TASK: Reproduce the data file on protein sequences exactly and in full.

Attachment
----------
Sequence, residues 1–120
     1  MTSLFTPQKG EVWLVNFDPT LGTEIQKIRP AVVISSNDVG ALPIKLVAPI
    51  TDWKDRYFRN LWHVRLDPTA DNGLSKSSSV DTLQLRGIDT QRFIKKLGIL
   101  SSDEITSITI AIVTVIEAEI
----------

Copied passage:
Sequence, residues 1–120
     1  MTSLFTPQKG EVWLVNFDPT LGTEIQKIRP AVVISSNDVG ALPIKLVAPI
    51  TDWKDRYFRN LWHVRLDPTA DNGLSKSSSV DTLQLRGIDT QRFIKKLGIL
   101  SSDEITSITI AIVTVIEAEI